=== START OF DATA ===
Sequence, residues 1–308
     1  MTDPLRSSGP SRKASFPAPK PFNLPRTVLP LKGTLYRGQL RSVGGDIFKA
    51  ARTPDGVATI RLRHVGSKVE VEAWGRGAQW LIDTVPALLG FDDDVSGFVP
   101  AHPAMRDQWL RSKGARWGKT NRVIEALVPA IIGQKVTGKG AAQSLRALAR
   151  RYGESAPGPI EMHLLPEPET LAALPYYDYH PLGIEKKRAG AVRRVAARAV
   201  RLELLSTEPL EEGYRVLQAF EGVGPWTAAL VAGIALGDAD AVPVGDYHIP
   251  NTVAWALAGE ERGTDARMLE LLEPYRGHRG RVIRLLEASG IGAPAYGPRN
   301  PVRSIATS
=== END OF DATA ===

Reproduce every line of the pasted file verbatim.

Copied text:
Sequence, residues 1–308
     1  MTDPLRSSGP SRKASFPAPK PFNLPRTVLP LKGTLYRGQL RSVGGDIFKA
    51  ARTPDGVATI RLRHVGSKVE VEAWGRGAQW LIDTVPALLG FDDDVSGFVP
   101  AHPAMRDQWL RSKGARWGKT NRVIEALVPA IIGQKVTGKG AAQSLRALAR
   151  RYGESAPGPI EMHLLPEPET LAALPYYDYH PLGIEKKRAG AVRRVAARAV
   201  RLELLSTEPL EEGYRVLQAF EGVGPWTAAL VAGIALGDAD AVPVGDYHIP
   251  NTVAWALAGE ERGTDARMLE LLEPYRGHRG RVIRLLEASG IGAPAYGPRN
   301  PVRSIATS